In general, there were only small differences found between elite and junior females in terms of run-up speed, height and length of flight, for all vault styles. It has been previously described how growth and weight gain during puberty negatively influence the strength-to-weight ratio [24, 25]. Consequently, younger female gymnasts may have similar or even better physical prerequisites for a good performance on vault than more mature gymnasts. Only vend and hmax of Yurchenko vaults were higher for female elite compared to female junior athletes. Therefore, we assume that not physical abilities but the technical skill level is the limiting factor of the run-up speed of these vaults [26]. Hence, a superior technique executing the round-off and back handspring probably permits elite female gymnasts to run up with a higher speed than junior females, which in turn improves the height of flight of their vaults, allowing them to perform more difficult vaults.

Contrary to the findings in females, male elite athletes had significantly higher vend and hmax than junior gymnasts except when performing Yurchenko vaults. The reason for this is most likely related to the different and later biological development of males. Namely, there is a considerable increase in muscle mass between the junior and elite ages, which positively influences power and strength in general and sprinting abilities in particular. Aside from better technical skills [27] the improved sprinting ability and greater strength and power of the upper extremities may help explain the greater flight height in elite compared to junior male athletes. When it comes to Yurchenko vaults, it seems that males are able to attain the optimal run-up speed for Yurchenko vaults already as juniors, and that further increases in flight height and difficulty at the elite level are attained via improvements in upper body strength and technical skill.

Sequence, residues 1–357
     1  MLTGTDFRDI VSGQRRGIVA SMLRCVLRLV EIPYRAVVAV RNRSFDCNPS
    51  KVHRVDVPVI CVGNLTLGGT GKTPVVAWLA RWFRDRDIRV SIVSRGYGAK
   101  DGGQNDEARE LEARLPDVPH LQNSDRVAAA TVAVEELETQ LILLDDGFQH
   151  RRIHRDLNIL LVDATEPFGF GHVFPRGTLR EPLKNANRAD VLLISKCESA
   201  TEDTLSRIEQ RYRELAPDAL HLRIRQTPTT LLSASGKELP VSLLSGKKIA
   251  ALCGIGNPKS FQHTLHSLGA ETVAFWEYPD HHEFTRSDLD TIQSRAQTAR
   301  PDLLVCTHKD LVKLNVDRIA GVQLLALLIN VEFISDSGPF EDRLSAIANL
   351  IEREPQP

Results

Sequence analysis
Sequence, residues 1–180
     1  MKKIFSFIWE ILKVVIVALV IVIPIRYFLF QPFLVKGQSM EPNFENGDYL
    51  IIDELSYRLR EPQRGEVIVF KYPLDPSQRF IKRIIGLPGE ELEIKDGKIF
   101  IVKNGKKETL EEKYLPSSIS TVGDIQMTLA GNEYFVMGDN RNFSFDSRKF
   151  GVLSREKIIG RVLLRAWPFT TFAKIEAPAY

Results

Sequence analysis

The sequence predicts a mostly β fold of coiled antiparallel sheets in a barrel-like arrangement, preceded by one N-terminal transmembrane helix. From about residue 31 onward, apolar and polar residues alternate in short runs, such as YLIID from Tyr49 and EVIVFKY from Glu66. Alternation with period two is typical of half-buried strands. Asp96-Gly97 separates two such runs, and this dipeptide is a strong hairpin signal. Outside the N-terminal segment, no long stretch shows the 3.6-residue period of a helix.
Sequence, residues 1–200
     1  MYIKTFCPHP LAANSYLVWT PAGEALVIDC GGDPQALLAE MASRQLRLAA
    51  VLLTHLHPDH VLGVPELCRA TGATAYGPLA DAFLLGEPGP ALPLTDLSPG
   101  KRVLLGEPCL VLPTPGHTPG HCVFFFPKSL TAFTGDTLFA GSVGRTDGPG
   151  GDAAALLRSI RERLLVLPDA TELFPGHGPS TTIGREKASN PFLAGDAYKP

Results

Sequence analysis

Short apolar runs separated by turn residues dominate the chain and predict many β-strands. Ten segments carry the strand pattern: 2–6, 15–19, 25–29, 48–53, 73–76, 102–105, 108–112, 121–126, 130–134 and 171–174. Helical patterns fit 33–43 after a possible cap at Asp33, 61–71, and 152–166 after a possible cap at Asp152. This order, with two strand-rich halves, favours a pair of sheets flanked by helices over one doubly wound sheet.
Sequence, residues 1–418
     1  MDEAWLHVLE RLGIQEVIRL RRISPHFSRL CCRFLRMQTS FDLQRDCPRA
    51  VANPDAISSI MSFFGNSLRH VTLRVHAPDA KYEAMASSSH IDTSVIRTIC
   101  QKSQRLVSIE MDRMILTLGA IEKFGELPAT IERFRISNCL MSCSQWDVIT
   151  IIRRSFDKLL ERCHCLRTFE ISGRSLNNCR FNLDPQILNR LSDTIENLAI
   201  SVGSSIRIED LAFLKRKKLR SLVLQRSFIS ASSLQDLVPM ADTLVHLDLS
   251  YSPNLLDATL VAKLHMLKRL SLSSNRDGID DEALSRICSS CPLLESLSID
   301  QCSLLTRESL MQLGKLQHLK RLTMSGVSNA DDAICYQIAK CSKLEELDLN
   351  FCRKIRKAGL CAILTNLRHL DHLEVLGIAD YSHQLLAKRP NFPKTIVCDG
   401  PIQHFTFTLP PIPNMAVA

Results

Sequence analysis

Vault styles

Handspring vaults.

Of all vaulting styles, handspring vaults are generally executed with the greatest run-up speed. Consequently, only gymnasts who can realize fast run-up speeds performed handspring vaults at the EC.

Further, no significant correlations were found between the run-up speed of handspring vaults and either the height of flight, D-, E-, or F-score for males. Handspring vaults must be distinguished into double rotation and layout vaults with turns around longitudinal axis. For layout somersaults compared to double somersaults in tucked position, a higher angular momentum has to be created at take-off and push-off from the vaulting board and table due the body’s greater moment of inertia in the layout position [7]. In this context, similar run-up speeds were observed for double rotation handspring vaults and layout handspring vaults with 540° or only 180° of rotation, although the latter are assigned lower D-scores. Based on this consideration, one could suppose that training a double rotation handspring vault is more beneficial in terms of increasing the D-score than training layout vaults, since the latter require the same run-up speed but afford lower D-scores.

Tsukahara vaults.

Tsukahara vaults are the most common vaults among males, but the least common in female gymnasts. Compared to the other vaulting styles, Tsukahara vaults showed the greatest difference in run-up speed between simple and very difficult vaults, indicating the greatest dependence on run-up speed for increasing vault difficulty. This should be taken into account by coaches and athletes when the aim is to learn a more difficult Tsukahara vault.

Across all groups and especially in female categories, the height of the second flight phase of Tsukahara vaults is lower than that of handspring or Yurchenko vaults. The asynchronous hand contact on the vaulting table during Tsukahara vaults allow less horizontal momentum to be transformed into vertical momentum and more horizontal momentum to be preserved [28], which may also explain the significant correlation between vend and L in all categories. Further, the push-off from the vaulting table, because it occurs mainly with one arm, makes it difficult for athletes with less upper body strength to reach sufficient height of flight in order to perform a difficult vault. This could be the main reason that female athletes only rarely perform Tsukahara vaults.